Iontophoresis is a safe and painless procedure. Some people may experience side effects as a result of iontophoresis, but the effects usually aren’t serious.
The most common side effect is dryness of the skin. Blistering, peeling, and irritation might also occur on the skin.
However, these side effects can usually be treated by applying moisturizer to the skin after each session. An over-the-counter hydrocortisone cream can also help make you more comfortable.
Iontophoretic devices have been used to deliver a variety of anti-cancer agents.
These devices have shown promise in pre-clinical and clinical studies for retinoblastoma (a type of eye cancer), skin, bladder, and pancreatic cancers.
Chemotherapeutic agents to treat head and neck cancers can also be delivered using iontophoresis.
Local iontophoretic chemotherapy treatment leads to the reduction of drug side effects and is suggested for drugs that are too toxic when delivered systemically.
Anti-cancer drugs that can be administered via iontophoretic devices include cisplatin and 5-fluorouracil, which are used to treat skin cancer.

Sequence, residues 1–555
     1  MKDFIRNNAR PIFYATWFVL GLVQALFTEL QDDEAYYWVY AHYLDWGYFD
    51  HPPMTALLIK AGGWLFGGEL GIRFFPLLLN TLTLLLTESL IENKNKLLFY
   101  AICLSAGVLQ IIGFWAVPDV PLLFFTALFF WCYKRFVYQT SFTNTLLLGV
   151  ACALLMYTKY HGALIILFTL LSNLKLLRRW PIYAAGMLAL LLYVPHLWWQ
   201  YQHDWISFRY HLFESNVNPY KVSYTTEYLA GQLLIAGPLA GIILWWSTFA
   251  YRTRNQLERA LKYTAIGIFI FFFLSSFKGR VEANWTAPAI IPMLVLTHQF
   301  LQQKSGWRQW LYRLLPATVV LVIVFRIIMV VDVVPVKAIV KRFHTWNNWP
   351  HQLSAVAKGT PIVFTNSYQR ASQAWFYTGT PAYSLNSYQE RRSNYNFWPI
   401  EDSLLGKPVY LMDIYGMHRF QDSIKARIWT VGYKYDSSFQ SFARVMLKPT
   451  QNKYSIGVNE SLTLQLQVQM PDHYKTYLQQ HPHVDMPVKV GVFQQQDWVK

Other anti-cancer drugs, including imatinib mesylate and STAT3 siRNA complex can also be administered via iontophoresis.
Iontophoresis is generally effective in treating hyperhidrosis. People often undergo 20- to 40-minute treatment sessions several times per week until sweating decreases to a desirable level.
At that point, treatments are scheduled less frequently, usually about once per week.
Iontophoresis treatments must be done regularly and before sweating increases to maintain results.
Ongoing iontophoresis treatments for sports injuries are only needed until an injury begins to heal.
Most people with sports injuries undergo a handful of 5- to 10-minute treatment sessions over the span of a week or two to promote healing.
After that point, physical therapy, rest, and proper nutrition will continue aiding the healing process.
In a study involving a patient with basal cell carcinoma, the effectiveness of the iontophoresis treatment was confirmed by biopsies, which revealed no evidence of basal cell carcinoma.